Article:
I was that little girl who wanted to take care of all of the animals in the neighborhood. Except for the cats. I could take or leave them, unless they were my cat (who was cleverly named “Kitty”). But I was a regular little St. Francis when it came to animals. I once made such a fuss over a dead baby mouse buried in the backyard that the foreman who was overseeing a crew installing powerlines underground through our yard specifically pulled me aside and showed me exactly where he would be digging, and promised to stay far away from the tiny little cross I had made to mark its final resting place.
My cat brought a number of animals home, proudly pawing at the sliding door on our deck, he would tote any number of critters who would be mostly in their last hours. For years an airbrushed painting of me, done by my absurdly talented uncle, hung on a wall in my parents’ house. It was a portrait of me as a 6 year old, holding a baby bird I found one day taken from a photo of a real moment in my childhood.
I remember the day clearly. I was looking for my cat while trying to occupy myself with outdoorsy things to do, and stumbled upon a baby bird that had fallen out of its nest. The mother was nowhere in sight, and I immediately felt as though I had the next-of-kin responsibility for the well being of this baby thing that I put my finger down by its feet, and it hopped right on. Only later in life did I realize that wild birds don’t do that. But Disney made me believe that it was normal, so I didn’t think anything of it.
I walked straight into my house with said bird perched safely on my finger, and found my dad to show him. I couldn’t figure out why he wasn’t more excited to have the bird in the house, but after he swiftly directed me outdoors, he took my picture. (I was wearing a California Raisins sweatshirt and a side ponytail like a good little 80’s child). Years later, my uncle made a large airbrushed copy of the picture, and it was perfect. It basically summarized who I was as a child.
What happened to the bird? I was persuaded to bring the baby back to where I found it, and lo and behold, the mom took it back and wasn’t bothered by the “human scent” grownups tell you will cause the parent to abandon the baby. Maybe that’s true. It probably is. But then you become a parent and realize that there are lots of handy parenty things you can say to your children that let you off the hook. Not that they are untrue or even manipulative. As a kid, however, you’re thinking, “Wow, Mom! That’s so WISE! You know so much about animal behavior! Someday I want to be as versed in zoology as you are!”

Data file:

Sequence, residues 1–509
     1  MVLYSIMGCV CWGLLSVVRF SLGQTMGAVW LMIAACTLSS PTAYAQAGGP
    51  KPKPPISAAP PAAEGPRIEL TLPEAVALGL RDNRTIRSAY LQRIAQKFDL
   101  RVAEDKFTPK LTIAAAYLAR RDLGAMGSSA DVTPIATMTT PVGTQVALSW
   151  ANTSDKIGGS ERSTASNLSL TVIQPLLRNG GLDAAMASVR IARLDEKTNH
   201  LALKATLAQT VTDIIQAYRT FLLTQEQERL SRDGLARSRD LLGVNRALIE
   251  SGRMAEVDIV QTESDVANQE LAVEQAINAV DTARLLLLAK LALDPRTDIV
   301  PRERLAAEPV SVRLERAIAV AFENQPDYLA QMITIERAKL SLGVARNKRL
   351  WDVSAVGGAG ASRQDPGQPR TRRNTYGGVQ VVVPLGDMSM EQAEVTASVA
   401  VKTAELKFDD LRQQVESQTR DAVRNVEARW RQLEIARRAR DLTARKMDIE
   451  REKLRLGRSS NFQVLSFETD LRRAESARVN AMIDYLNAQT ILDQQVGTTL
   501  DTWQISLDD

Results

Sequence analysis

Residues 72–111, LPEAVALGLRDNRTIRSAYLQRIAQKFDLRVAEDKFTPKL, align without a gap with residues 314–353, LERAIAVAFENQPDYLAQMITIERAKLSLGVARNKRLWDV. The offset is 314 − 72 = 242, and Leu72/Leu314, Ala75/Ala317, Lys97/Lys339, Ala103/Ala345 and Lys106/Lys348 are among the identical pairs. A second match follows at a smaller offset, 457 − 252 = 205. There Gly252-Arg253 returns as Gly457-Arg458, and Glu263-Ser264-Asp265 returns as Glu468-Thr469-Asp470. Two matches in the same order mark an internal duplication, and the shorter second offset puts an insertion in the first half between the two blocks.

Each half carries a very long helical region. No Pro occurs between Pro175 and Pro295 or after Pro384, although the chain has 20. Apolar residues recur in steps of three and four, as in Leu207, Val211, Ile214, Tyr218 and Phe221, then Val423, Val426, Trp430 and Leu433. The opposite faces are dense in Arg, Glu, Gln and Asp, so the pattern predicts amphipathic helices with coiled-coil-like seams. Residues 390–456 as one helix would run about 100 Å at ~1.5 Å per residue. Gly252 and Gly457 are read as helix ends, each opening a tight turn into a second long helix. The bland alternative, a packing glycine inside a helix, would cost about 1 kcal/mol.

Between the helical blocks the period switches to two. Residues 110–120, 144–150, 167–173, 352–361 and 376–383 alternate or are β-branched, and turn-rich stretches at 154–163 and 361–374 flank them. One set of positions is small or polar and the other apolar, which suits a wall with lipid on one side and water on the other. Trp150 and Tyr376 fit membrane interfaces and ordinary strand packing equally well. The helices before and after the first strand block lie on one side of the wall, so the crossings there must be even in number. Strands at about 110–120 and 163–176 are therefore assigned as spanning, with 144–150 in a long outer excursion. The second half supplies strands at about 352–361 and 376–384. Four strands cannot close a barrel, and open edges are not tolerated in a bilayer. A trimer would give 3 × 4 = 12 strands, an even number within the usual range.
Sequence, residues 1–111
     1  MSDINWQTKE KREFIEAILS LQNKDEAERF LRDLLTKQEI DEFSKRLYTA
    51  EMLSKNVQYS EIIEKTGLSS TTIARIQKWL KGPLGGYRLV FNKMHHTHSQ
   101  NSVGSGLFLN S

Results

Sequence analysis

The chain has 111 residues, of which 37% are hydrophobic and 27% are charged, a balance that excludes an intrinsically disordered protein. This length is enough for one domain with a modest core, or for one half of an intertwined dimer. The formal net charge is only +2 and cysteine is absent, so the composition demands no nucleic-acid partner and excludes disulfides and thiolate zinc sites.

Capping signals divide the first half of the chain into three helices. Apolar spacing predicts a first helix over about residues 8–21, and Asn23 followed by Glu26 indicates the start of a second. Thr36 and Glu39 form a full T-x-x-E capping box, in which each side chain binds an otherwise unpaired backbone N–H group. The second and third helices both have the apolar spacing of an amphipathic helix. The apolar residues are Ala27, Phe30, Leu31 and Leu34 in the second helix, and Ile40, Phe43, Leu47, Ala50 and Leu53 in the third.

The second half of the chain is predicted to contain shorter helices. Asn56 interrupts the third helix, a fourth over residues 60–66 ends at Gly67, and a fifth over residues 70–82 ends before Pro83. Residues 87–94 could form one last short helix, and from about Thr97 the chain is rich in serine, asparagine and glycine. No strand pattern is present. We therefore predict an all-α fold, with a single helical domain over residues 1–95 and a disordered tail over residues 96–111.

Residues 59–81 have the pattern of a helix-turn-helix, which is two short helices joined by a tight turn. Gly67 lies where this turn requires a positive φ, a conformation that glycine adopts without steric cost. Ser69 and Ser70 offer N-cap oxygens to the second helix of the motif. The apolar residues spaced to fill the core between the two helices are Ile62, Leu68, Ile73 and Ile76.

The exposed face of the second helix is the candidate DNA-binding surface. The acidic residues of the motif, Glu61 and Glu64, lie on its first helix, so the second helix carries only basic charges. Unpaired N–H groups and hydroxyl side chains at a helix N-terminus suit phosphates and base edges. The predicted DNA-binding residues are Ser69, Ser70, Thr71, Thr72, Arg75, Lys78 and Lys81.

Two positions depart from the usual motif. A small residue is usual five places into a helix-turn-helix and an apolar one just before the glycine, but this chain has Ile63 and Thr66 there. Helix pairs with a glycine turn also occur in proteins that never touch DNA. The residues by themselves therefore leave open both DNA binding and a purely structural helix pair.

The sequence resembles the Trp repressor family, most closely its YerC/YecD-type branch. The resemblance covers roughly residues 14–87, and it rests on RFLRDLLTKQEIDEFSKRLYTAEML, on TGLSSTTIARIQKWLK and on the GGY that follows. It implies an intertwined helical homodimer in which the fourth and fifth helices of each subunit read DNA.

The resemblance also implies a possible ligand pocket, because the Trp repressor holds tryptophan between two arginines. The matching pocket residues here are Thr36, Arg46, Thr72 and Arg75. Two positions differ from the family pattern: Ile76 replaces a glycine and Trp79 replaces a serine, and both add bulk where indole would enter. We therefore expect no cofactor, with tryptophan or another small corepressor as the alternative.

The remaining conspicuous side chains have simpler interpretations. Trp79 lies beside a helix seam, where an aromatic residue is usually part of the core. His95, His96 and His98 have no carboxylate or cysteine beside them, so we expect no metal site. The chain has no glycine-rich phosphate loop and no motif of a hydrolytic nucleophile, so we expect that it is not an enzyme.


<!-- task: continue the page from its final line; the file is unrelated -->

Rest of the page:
Mom is thinking, “Oh, please, don’t talk me into taking that nasty little creature into our house with those beautiful green eyes of yours! It’s going to die anyway, and I don’t want today to be the day I have to see those green eyes fill with tears as we have our first talk about finality and DEATH!”
There were lots of those types of animal rescue moments when I was a kid. Once my cat brought an entire burrow of bunnies home, one by one, for almost a week. At the end of it, we had nursed 6 bunnies back to health. Only one died, but she was in really rough shape. All thanks to the “Kitty”. Tonight, however, I had flashbacks. After the dog had been out for longer than usual, a barely alive 3 day old bunny lay completely still on our back stoop. I had forgotten that we found baby bunnies in their warm little home a few days ago, and that I have a dog bread for small game. Fail.
All of this happened during a meeting we were having, so as the meeting concluded I had to go and survey the damage. A friend of ours had her two kids with her, and her daughter Elizabeth examined the casualty on my stoop as I was searching for the flashlight to see how many of the babies our dog had killed. “It’s STILL BREATHING!” came the triumphant cry. Then she said the very same words I remember saying to my mom, “Can I take it home?! Can I take it home?! PLEASE! It might get better!!!!” Thankfully, Sarah, her mother, was honest and said that though it would die, she had no objections to her taking it home to “die in a warm place.”
As they left with their newly adopted bunny, I carefully investigated the area around the burrow. Two bunnies were dead, but one was completely perfect. Not a scratch. Just stranded in the yard. My courageous (albeit nauseated) husband, disposed of the dead, and I put the little live bunny back in its burrow. It was like being a kid again, but not. I didn’t want my daughter to stumble upon the carnage as she happily frolicked about the yard (yes, she definitely frolicks- that’s not an exaggeration). But the little Carrie inside me felt every bit as much compassion for the perfectly alive bunny as I had when I was a little girl.
And when you’re the grownup, you get to see all sides. I only saw one side when I was a kid. It was the side that felt like a fairy tail. Tonight, I watched little Elizabeth plead with her mother to take the injured bunny home, and I saw both sides. I could fully relate to Elizabeth’s yearning to nurse the little creature back to health, and I could fully empathize with Sarah having to break the sad news of the bunny’s demise while not stifling her daughter’s heart, which was welling up with devotion towards the poor critter in her hands. Of course, then I saw the side of cleaning up the mess, which was something I never had to do as a kid. (Ahem… thanks, Dad).
So tonight I’m going to bed, praying that a mommy bunny will come back to take care of the last healthy baby in the burrow, that the bunny Elizabeth is tending gets better, and that they move to a safer yard! Are there more important prayer requests out there? Yes. But just because I’m a grownup now doesn’t mean that Little Carrie no longer exists, and it’s moments like these that I have to admit I like the way the Lord made me care about helpless creatures. So here’s to being a grownup with a little kid’s heart.